In a good way. 😭
I actually cried again a few days ago when I started to re-watch “The Wire” in honor of its 20th anniversary. There’s a scene early in Season 1 where Bubbles goes to an NA meeting, as a detached skeptic, and ends up getting a 24-hour chip and a hug from Walon, his eventual recovery sponsor.
“Awww! My people!” I thought to myself in between chest-heaves, as my mind jumped back to the summer day in 2019 when I collected my first coin. 😭😭
Speaking of sobbing…maybe if you are one of “my people,” you’ll get why I broke down the other day when I couldn’t find my wallet. After running around, scouring the house and both cars in a frantic frenzy, I had a meltdown when I finally discovered it hiding on the couch under a blanket.
That terrible feeling of dread/fear/guilt, not knowing where your shit is, not remembering what you did with it, or with yourself, and desperately wanting to fix it but having no idea how, is something every addict knows all too well.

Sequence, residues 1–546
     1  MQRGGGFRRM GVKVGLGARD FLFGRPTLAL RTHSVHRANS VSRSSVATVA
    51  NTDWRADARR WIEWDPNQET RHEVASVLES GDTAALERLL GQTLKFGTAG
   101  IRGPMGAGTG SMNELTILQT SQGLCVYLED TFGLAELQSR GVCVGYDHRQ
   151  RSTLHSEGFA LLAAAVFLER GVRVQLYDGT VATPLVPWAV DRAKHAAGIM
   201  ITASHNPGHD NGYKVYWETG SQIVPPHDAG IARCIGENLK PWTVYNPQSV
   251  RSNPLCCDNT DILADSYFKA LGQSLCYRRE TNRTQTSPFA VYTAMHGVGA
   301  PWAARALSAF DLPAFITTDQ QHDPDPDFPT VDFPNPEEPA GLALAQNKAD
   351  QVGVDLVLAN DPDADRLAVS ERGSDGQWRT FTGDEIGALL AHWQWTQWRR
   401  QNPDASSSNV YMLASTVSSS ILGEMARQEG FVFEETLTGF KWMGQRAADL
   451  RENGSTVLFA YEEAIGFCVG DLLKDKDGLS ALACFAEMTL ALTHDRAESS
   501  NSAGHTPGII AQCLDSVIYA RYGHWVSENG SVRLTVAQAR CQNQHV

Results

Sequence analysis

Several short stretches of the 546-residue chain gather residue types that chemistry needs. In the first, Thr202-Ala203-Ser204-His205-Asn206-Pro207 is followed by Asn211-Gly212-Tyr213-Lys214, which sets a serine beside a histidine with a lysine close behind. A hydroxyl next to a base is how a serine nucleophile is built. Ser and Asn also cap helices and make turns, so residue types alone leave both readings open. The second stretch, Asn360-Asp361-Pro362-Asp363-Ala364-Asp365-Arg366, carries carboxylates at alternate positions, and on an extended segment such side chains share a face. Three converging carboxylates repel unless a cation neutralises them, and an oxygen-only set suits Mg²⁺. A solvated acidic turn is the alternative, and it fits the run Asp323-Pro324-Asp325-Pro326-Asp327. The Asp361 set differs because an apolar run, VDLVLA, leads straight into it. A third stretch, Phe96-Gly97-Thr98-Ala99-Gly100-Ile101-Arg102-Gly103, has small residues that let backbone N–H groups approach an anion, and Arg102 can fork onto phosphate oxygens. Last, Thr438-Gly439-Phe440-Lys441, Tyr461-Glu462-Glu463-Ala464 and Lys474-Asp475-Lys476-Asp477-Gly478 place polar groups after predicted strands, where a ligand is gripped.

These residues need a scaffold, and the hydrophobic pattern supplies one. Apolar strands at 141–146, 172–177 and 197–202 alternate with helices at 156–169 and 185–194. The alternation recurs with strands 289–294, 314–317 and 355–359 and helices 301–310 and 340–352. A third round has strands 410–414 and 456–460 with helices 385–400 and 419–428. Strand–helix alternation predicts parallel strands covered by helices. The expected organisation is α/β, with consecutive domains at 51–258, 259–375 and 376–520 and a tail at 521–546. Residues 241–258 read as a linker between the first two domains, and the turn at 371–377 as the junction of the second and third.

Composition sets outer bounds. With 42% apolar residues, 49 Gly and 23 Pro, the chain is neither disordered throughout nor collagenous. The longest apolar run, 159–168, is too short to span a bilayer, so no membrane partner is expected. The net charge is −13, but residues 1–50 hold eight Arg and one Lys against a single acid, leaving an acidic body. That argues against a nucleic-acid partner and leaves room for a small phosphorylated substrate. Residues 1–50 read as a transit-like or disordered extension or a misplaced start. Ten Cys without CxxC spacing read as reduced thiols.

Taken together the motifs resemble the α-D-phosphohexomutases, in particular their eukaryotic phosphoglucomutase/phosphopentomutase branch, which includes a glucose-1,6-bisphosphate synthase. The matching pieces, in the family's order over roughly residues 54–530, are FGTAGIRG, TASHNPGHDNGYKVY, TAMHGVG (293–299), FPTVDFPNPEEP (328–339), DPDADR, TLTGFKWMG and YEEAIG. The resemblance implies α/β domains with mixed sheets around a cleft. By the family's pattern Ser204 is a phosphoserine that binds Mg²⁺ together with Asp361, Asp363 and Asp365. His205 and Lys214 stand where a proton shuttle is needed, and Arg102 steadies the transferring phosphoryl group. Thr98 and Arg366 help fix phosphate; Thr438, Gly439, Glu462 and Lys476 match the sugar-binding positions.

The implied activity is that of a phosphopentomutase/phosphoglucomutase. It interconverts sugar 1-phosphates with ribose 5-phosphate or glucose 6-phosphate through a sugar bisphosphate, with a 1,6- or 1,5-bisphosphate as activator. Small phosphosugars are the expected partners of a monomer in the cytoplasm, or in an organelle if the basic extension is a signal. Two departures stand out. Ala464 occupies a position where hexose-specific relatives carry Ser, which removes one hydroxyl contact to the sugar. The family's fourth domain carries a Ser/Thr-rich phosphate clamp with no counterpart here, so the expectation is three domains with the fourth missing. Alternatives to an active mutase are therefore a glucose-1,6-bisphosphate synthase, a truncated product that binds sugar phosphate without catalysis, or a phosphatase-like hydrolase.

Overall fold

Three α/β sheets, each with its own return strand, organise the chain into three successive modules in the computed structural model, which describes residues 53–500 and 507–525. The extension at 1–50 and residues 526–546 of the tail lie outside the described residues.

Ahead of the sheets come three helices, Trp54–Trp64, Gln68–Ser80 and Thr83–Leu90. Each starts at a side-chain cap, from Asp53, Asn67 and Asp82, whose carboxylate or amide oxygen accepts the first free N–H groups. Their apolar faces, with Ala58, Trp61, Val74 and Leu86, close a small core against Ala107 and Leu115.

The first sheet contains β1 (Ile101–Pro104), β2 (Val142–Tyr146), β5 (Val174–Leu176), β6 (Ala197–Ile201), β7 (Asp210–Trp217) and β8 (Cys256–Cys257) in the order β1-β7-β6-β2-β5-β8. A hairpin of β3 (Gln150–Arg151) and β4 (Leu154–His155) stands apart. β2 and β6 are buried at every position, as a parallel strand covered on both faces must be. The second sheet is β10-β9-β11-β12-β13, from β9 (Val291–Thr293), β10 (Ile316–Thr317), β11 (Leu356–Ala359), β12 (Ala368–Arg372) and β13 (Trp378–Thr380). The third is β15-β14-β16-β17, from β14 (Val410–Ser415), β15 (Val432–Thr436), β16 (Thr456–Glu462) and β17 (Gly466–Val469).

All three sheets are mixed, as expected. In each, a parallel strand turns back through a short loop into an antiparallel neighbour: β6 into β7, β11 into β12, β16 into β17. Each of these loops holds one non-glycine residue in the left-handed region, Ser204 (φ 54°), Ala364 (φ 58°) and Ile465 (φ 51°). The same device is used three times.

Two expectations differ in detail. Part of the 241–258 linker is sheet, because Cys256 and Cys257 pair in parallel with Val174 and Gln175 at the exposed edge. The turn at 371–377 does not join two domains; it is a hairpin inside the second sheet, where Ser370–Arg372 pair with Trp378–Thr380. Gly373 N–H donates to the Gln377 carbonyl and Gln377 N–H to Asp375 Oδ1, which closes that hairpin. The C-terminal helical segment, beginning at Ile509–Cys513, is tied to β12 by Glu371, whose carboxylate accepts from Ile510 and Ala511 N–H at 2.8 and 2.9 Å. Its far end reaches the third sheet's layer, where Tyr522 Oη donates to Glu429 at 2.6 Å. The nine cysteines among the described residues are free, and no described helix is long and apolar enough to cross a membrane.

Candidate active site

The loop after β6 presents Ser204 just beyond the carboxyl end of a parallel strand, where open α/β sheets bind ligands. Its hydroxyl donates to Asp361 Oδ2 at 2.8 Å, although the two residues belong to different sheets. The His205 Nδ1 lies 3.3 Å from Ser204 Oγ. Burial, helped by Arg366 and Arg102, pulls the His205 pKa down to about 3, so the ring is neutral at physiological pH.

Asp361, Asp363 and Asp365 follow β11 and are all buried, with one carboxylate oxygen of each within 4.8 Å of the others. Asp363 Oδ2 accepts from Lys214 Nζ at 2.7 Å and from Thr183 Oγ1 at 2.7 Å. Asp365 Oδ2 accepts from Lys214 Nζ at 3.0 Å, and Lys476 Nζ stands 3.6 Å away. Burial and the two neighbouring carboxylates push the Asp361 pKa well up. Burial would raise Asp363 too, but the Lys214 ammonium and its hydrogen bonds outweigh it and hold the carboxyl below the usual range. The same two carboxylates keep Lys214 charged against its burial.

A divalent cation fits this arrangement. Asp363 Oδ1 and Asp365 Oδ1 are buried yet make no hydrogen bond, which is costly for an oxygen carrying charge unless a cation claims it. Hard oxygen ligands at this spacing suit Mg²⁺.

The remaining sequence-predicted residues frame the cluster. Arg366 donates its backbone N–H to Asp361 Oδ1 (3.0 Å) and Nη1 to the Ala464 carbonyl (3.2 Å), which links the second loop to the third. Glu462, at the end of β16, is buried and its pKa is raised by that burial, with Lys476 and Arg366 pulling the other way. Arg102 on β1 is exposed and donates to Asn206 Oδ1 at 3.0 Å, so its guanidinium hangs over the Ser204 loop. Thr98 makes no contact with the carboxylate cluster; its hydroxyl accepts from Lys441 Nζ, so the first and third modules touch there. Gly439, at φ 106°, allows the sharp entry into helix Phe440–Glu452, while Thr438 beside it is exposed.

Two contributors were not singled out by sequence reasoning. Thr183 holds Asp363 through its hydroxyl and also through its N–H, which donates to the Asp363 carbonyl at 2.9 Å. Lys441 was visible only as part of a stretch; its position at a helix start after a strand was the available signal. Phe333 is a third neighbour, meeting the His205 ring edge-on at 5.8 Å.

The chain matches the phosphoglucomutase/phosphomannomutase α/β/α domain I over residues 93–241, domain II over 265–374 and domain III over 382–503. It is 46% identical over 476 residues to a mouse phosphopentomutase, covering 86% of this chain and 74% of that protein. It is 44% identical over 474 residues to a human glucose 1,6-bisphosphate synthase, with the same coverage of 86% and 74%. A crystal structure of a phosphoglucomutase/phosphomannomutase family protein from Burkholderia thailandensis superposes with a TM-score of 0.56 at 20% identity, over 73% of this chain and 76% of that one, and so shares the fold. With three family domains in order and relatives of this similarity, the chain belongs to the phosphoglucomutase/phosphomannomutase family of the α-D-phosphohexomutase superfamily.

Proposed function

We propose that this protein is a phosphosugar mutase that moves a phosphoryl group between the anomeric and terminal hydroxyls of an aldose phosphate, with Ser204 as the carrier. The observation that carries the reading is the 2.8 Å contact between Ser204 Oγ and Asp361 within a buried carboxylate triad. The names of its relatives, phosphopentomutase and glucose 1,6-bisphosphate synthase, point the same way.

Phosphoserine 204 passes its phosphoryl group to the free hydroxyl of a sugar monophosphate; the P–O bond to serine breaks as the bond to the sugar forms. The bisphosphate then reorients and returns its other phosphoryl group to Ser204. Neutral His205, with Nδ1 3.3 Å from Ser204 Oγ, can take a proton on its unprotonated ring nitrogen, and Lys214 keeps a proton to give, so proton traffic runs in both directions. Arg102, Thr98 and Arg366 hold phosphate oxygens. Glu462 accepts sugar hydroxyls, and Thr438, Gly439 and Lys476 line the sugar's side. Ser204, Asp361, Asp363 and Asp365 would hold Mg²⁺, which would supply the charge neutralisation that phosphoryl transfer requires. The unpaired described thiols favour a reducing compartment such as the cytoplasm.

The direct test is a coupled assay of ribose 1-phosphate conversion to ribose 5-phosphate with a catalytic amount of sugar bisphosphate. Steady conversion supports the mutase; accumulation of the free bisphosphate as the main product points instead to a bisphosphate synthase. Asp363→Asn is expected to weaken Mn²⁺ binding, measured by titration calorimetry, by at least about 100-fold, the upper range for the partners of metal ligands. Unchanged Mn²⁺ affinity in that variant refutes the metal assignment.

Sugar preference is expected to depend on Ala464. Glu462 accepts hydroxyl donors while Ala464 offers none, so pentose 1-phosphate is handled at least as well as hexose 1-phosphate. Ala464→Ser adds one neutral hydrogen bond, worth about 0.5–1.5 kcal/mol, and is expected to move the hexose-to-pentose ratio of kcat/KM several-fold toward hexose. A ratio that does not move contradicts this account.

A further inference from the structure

So, the lost wallet triggered me, big-time; in that quick burst of short-lived panic, I re-lived every awful moment of hung-over self-hatred.
The relief of finding what was lost, of realizing that everything was — is — all right…I’m not sure there is anything sweeter. 😭😭😭
This was initially intended as a celebratory post to honor an anniversary, and I’m sitting here wiping tears off my phone screen! But hey, it’s been a long time since I visited this space, and I’ve had a lot of shit bottled up. Blogging is another form of healthy release, and I’m just 🤮…letting it all out.
And while I’m am it, not gonna lie, grad school has been a little nuts. My program makes you take six full credits in six weeks during the summer session, which means double the normal weekly workload — at least — plus a bunch of final projects and papers that are all due on the last day of June. The subject matter is heavy, too. I’m on the Social Justice Advocacy track, and we’re immersing ourselves in the evil institutions of oppression, from racism to classism to sexism to ableism, and un-learning so much of what we thought we knew, while constantly being told: It’s not enough to focus on helping individual people; you’re responsible for changing the world! Meanwhile…*gestures to everything* the world has never seemed more completely, irredeemably f*cked up. 🙈